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Ranganathittu in the Monsoon

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Ranganathittu

I have often noticed that people avoid visiting forests and wildlife sanctuaries during the rains. However, I personally believe, that there is no better time or season to experience the purity of nature than the monsoon. Last year, that is exactly what I did to spend a rainy weekend. The June rains were on and off and I found a day to head to the Ranganathittu Bird Sanctuary. The largest and most popular bird sanctuaries of the state, Ranganathittu is known for its population of some exotic avian species. Although winters are the best times to spot the migratory birds, monsoon is equally a great time to explore and see the resident avifauna, especially the water birds. I realized that to make the most of my trip I would have to rent a reliable car in Bangalore with an expert driver.

An Overview

The sanctuary is about five kilometers west of Srirangapatna and 16 KM north of Mysore. This thick patch of forested land sits on the banks of the Kaveri River and makes for a scenic sight. During the rainy season, the river overflows and sometimes floods the sanctuaries, but my trip was timed right and the rains had not caught on yet.

The entrance to the main forested area was through a manicured garden leading to the river banks. There was a line of small ferry boats docked along the banks available for a tour of the park. I hopped onto one which was about to leave with a group of tourists. The river banks were dotted with mangroves, broad-leaved trees, bamboo forests, and palms. And everything was greener than they usually are. The nesting areas were mostly concentrated around the marshlands and sandy river islands. There were six of such islands spread across the river. This was where water birds thrive. Bird sanctuaries always make for an exciting place to be, giving us a peek into the lives of these beautiful creatures.

The Birding Expedition

As the boats drew closer to one of the islands, I spotted a bunch of black-headed ibis feasting on a dead fish and snails. There were also a few otters scampering in and out of water. During the rains, the population of fishes, snails, and other water creatures also increase, which brings flocks of kingfishers to this place. They hunt and feed on the river and nest in the marshes.  Apart from them, we also spotted wild ducks, egrets, herons, terns, and darters, randomly, at different parts of the sanctuary.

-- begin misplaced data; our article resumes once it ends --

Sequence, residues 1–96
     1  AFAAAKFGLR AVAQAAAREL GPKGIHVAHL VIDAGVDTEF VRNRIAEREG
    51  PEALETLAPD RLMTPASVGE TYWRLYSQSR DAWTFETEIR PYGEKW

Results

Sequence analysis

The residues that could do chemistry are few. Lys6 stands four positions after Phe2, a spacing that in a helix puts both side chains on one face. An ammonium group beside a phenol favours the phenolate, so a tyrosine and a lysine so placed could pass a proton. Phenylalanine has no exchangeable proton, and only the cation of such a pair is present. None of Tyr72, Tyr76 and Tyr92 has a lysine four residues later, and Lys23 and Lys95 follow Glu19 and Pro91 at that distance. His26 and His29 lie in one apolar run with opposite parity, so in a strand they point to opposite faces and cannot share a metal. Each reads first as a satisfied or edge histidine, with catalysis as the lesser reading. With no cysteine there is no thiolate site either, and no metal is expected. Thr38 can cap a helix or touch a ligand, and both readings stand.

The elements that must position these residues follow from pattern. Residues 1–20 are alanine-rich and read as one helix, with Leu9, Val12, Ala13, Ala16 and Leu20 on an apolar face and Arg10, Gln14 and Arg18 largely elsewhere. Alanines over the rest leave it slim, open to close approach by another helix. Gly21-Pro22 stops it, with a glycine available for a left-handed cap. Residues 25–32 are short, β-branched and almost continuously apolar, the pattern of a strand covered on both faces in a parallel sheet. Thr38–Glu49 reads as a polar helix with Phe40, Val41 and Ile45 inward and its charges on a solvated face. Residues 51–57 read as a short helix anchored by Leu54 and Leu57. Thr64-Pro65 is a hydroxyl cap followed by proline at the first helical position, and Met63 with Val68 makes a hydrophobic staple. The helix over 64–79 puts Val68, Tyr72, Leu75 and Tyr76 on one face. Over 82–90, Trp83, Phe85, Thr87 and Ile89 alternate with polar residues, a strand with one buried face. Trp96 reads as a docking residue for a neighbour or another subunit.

A little ahead, a flock of darters was hunting for worms in the mud, when I also noticed a large, lone pelican, in the middle of a flock. The other groups seemed undisturbed by the presence of the pelican and continued with their hunt. This is usually not the season to spot these birds, which meant that it probably missed its flight group back to its home. Thankfully, there was enough for the lone ranger to feed on till the next season.

This was also the season to spot crocodiles. But since the water level was higher, the crocodiles would have moved further into the land to laze on the ground. The tour guide swerved the boat around to a thicker marshy area and made us step out. This was where most crocodiles were found in this season. We were along the edges of the water and were prevented from heading deeper into the land, or straying from the group. A few feet away, half-hiding into the reeds, was a giant crocodile. There were four or five baby crocodiles slithering on the mud. The mother croc (or probably the father) was oblivious to the flock of terns who were sitting on its hide and picking on dirt and worms. The guide said that this bird sanctuary has the largest population of freshwater crocodiles in the state.

I tried to take a few steps ahead for a closer look and get a good photograph, but our footsteps drove the crocodile away back inside the tall grass.

We went back to the boat and drove around for a little while longer since the tour was for a couple of hours. The clouds had started to gather and became darker, signaling a heavy shower soon. I tried to capture the birds and the place as much as I could. On our way back, I took another look at that lone pelican I had seen earlier with the darters and noticed that another large pelican had joined. At least now there were two of them to get through the season and wait for the rest of their friends to join them in winter.

After my entire tour, I realized that monsoon was definitely a good season to explore the sanctuary, and I would love to go back again this rainy season.

Travel Tips:

  • You can include Ranganathittu as a part of your trip to Srirangapatna or Mysore. You can book a comfortable cab from Bangalore to Mysore and do a quick detour to the sanctuary.
  • Although monsoon is a good time to visit, avoid visiting in July or August. There are chances of flooding during heavy rains during this time.

 

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